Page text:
BC’s minimum wage will rise June 1 in step with inflation, putting further strain on farm employers already struggling with high input costs and a labour crunch.
The provincial hourly minimum wage will rise 6.9% on June 1 to $16.75 an hour, making it the highest minimum wage of any province and the second-highest in Canada. Yukon is the only jurisdiction with a higher minimum wage, at $16.77 an hour.
Piece rates for 15 hand-harvested crops will also increase by 6.9%, with the change taking effect Jan. 1, 2024.
“Having a minimum wage that keeps up with inflation is a key step to prevent the lowest paid workers from falling behind,” says BC labour minister Harry Bains, noting that workers paid minimum wage the effects of inflation more than others.
According to a Statistics Canada report released in January, about 10% of BC workers receive minimum wage.
However, Statscan data indicate that many farm workers are being offered wages significantly above the existing minimum wage when they’re hired. During the last quarter of 2022, offered wages ranged from $16.90 an hour for farm workers in the Kootenays to $17.80 an hour on Vancouver Island.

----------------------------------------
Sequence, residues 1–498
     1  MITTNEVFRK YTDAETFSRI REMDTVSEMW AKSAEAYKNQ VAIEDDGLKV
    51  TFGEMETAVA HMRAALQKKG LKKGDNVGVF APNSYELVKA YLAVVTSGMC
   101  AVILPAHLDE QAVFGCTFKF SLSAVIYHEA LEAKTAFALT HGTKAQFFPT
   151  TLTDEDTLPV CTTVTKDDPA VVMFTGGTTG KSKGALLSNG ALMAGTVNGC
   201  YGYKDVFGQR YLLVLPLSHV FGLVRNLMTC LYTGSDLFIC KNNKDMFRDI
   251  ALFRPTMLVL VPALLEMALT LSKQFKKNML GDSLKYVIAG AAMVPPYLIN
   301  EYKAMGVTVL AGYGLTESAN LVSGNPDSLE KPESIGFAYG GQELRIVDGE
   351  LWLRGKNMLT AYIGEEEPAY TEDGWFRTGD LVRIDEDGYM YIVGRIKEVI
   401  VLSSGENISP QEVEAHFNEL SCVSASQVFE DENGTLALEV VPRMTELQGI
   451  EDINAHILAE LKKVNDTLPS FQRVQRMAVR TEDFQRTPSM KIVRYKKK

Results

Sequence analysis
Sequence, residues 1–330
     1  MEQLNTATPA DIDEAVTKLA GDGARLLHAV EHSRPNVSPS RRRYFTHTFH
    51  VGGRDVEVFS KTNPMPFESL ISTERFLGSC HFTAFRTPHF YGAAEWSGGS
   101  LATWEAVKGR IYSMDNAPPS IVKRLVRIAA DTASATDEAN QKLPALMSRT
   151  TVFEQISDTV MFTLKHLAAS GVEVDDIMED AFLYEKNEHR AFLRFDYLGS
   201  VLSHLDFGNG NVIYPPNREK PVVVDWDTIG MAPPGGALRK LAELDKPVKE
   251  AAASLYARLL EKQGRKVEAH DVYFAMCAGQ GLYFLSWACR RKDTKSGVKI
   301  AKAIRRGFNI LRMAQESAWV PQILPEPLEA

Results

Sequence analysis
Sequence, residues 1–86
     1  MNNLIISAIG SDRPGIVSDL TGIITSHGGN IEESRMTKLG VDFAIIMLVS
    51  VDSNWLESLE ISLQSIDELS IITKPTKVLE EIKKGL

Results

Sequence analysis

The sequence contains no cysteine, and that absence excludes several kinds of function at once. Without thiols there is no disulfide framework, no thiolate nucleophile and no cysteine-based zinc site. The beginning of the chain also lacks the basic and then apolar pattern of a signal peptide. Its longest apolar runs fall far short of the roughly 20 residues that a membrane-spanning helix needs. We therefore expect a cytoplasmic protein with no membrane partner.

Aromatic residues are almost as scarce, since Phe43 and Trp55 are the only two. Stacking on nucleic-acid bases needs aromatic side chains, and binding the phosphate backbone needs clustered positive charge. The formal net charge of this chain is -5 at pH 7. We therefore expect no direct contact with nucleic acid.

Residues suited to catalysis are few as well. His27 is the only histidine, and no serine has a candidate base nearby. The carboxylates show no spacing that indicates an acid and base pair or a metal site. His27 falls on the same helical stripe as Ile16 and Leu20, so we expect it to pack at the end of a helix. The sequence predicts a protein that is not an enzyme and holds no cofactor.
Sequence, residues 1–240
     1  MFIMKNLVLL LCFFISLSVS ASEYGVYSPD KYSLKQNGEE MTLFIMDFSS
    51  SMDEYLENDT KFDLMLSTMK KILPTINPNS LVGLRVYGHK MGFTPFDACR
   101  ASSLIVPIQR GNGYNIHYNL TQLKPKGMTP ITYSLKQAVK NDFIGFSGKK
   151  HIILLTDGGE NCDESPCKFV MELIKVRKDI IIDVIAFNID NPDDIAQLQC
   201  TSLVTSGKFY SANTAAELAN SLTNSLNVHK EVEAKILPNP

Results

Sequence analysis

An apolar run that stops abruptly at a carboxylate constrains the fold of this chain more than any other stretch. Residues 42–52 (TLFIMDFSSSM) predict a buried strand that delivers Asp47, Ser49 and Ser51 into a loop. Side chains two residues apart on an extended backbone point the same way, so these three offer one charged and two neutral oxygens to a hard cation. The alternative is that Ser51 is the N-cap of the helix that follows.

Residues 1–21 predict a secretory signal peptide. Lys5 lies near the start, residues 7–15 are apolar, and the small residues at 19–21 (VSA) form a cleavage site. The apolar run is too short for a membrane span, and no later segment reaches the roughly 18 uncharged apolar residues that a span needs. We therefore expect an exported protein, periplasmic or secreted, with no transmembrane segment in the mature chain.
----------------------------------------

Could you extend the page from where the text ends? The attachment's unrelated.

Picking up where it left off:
While Lower Mainland farmers offer lower starting wages, data from last summer indicates an average of $16.20 an hour was being offered, well above the $15.65 minimum at the time.
This means growers in the Lower Mainland stand to take a significant hit on June 1.
Many foreign workers will also see a wage boost, as their wages must be the higher of either the minimum wage or the National Occupational Classification (NOC) rate for their sector. The rates begin at $16.05 an hour for the majority of roles, up to $17.67 for maple syrup workers.
But the upward pressure on wage rates also has its limits.
During a Centre for Organizational Governance in Agriculture webinar earlier this year regarding the impact of inflation on farming operations, one Lower Mainland producer said an effort to pay workers a so-called “Living Wage” – now in the range of $24 an hour in the Lower Mainland – collapsed because the numbers simply didn’t pencil out.
This is the second year that the annual minimum wage increase has been tied to inflation, a policy Bains says the province intends to continue. It also compounds a 50% lift in the province’s minimum wage since 2015, an increase more than double the rise in the Consumer Price Index during the period.
The increase disappointed a broad coalition of business groups, who wrote Premier David Eby last month asking the province to limit the increase to 3%.
According to the Canadian Federation of Independent Business, a small business with 10 minimum-wage workers faces an additional $20,000 a year in payroll costs.